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8th Hungarian Film Festival Of Los Angeles


October 15th - 23rd

8th Hungarian Film Festival Of Los Angeles

Bunyik Entertainment is pleased to present a week of new Hungarian films, October 16th through the 23rd at the Sunset 5 in West Hollywood, featuring multiple U.S. premieres of Hungary’s latest and greatest films as well as a new part of the festival, Hungarians in Hollywood, a compilation of American studio pictures produced, directed, written, shot or featuring music composed by Hungarians like Michael Curtiz, Laszlo Kovacs, Andy Vajna, Miklós Rózsa and Vilmos Zsigmond. Among the highlights of the new movies:

The festival’s opening night film ESZTER’S INHERITANCE (in competition Montreal Film Festival 2008), with the legendary Hungarian actress Mari Töröcsik. The film follows a dowager whose comfortable life on her family’s estate with only a devoted longtime servant (Töröcsik) as company is changed utterly by the receipt of a telegram. Ms Töröcsik, now in her sixth decade of filmmaking, will attend the screening October 15th at the Fine Arts Theatre. This will mark the U.S. premiere of the movie. (Jozsef Sipos, 2008, 90 minutes)

DELTA, this year’s winner of the FIPRESCI prize at Cannes, is a drama about a young man who returns to the wild, isolated delta province of his childhood and is introduced to a sister he’d never known he had. They find they have a rapport which begins to intensify over time, sparking the coarse locals’ disapproval. (Dir. Kornel Mundruczo, 2008, 93 minutes)

OPIUM: DIARY OF A MADWOMAN, (in competition Moscow Film Festival 2008), an explicit drama about an unscrupulous, morphine-addicted doctor who begins an affair with a patient at the remote psychiatric hospital for women where he has just been hired. (Dir. Janos Szasz, 2008, 108 minutes)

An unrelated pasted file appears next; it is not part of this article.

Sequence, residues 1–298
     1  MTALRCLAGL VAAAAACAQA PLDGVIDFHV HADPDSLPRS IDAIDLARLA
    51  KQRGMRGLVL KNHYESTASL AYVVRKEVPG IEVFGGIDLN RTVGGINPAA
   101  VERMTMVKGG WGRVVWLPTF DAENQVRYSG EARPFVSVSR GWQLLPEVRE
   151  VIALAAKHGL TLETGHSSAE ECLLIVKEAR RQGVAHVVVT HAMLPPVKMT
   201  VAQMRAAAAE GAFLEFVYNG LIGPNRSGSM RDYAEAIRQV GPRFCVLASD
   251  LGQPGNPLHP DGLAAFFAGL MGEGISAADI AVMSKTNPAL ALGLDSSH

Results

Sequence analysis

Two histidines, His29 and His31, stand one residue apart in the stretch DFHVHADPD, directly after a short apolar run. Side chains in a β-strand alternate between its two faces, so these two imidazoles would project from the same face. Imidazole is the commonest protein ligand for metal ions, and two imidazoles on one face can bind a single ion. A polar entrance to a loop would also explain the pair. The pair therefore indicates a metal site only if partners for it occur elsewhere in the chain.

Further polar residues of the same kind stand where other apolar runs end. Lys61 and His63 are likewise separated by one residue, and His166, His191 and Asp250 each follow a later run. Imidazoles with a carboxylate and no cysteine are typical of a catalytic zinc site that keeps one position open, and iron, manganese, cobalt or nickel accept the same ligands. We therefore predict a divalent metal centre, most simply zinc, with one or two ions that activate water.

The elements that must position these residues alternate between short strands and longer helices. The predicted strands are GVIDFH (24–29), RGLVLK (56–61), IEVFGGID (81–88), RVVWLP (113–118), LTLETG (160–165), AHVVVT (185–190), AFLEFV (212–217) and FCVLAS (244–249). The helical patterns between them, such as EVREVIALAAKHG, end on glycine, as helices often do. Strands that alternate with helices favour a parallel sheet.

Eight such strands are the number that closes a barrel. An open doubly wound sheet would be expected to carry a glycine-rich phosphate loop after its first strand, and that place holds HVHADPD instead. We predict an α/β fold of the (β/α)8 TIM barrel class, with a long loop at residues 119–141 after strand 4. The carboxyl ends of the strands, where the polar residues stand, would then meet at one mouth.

Shot in a village deep in Transylvania, the music documentary SONG OF LIVES depicts the wake for a great Gypsy-Hungarian violinist whose disciples attend to honor the man they considered their master and convene a joyful, one-of-a-kind pan-Hungarian 27-piece orchestra of gypsies, Hungarian and Romanians playing traditional music. (Dir. Csaba Bereczki, 2007, 100 minutes)

WITHOUT MERCY, for which Elemér Ragályi was named Best Director at Hungarian Film Week 2008 in Budapest. The film is a tough drama set in a hidden village where a gypsy is tricked into a confession and convicted for a murder he did not commit. (Dir. Elemér Ragályi, 2006, 71 minutes)

The U.S. premiere of THE EIGHTH DAY OF THE WEEK: After her husband’s death, Hanna, a former prima donna, is swindled out of her house by the mafia and ends up sleeping at a train station. When she returns to her house, now full of homeless people moved in by the mob, an unexpected relationship brings hope into her life again. (Dir. Judi Elek, 2006, 102 minutes)

The U.S. premiere of the comedic drama ADVENTURERS: Geza is a trumpeter in his fifties who settled in Hungary decades earlier. On his fourth marriage, he lost whatever he had in the divorces. His son András barely supports himself with odd jobs, often for the underworld. Together they drive to a small village to take Grandpa to Budapest in an effort to save him from the misery his life has become due to Grandma’s senility. The journey begins, but will they ever get anywhere? (Dir. Béla Paczolay, 2008, 100 minutes)

The U.S. premiere of NINE AND HALF DATES, a romantic comedy in which a Budapest writer and dedicated Lothario must go on ten dates and write something perceptive about the women he meets within ten days in order to stave off a lawsuit by a publisher angry he’s three year’s late with his new book. (Dir. Tamas Sas, 2007, 96 minutes)

The U.S. premiere of GIRLS, a drama based on a true story about two Hungarian teenage girls who murdered a taxi driver. (Dir. Anna Faur, 2007, 90 minutes)

ISKA’S JOURNEY, a stunning, harrowing movie about a twelve-year-old girl who shows courage in the face of harsh poverty. It’s not an easy film to watch; it brutally exhibits the cruel conditions under which millions of women and children are preyed upon by the prostitution trade. “Keenly observed . . . [the lead actress’s performance is] at once innately dignified and terrifyingly vulnerable.” (Eddie Cockrell, Variety) The Hungarian entry for the 2008 Best Foreign Language Film Oscar. (Dir. Csaba Bollok, 2007, 93 minutes)

Hungarians in Hollywood:
Casablanca (1942) - Michael Curtiz, Director
Spellbound (1945) - Miklós Rózsa, Composer (He won the first of his three Best Score Oscars for this Hitchcock film.)
Easy Rider (1969) - Laszlo Kovacs, Cinematographer
Close Encounters of the Third Kind (1977) - Vilmos Zsigmond, Cinematographer (He won the Oscar for this film.)
Music Box (1989) - Joe Esterhas, Screenwriter
Evita (1996) - Andy Vajna, Producer (he also produced the Rambo and Terminator movies, Nixon, Tombstone, Jacob’s Ladder and many others.)
The Gambler (1997) - Karoly Makk, Director

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